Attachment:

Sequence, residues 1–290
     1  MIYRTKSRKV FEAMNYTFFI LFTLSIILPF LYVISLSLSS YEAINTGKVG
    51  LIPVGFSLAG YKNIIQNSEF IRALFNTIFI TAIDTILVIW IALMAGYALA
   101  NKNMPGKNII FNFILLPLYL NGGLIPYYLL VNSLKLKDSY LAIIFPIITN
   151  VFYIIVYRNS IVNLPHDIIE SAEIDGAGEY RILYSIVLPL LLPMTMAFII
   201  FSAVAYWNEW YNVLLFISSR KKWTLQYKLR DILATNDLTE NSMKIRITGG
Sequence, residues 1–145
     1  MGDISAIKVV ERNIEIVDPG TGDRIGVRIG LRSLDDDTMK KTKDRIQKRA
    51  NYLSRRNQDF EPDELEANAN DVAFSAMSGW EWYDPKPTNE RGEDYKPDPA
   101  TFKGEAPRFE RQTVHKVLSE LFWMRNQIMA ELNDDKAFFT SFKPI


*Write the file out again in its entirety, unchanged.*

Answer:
Sequence, residues 1–290
     1  MIYRTKSRKV FEAMNYTFFI LFTLSIILPF LYVISLSLSS YEAINTGKVG
    51  LIPVGFSLAG YKNIIQNSEF IRALFNTIFI TAIDTILVIW IALMAGYALA
   101  NKNMPGKNII FNFILLPLYL NGGLIPYYLL VNSLKLKDSY LAIIFPIITN
   151  VFYIIVYRNS IVNLPHDIIE SAEIDGAGEY RILYSIVLPL LLPMTMAFII
   201  FSAVAYWNEW YNVLLFISSR KKWTLQYKLR DILATNDLTE NSMKIRITGG
Sequence, residues 1–145
     1  MGDISAIKVV ERNIEIVDPG TGDRIGVRIG LRSLDDDTMK KTKDRIQKRA
    51  NYLSRRNQDF EPDELEANAN DVAFSAMSGW EWYDPKPTNE RGEDYKPDPA
   101  TFKGEAPRFE RQTVHKVLSE LFWMRNQIMA ELNDDKAFFT SFKPI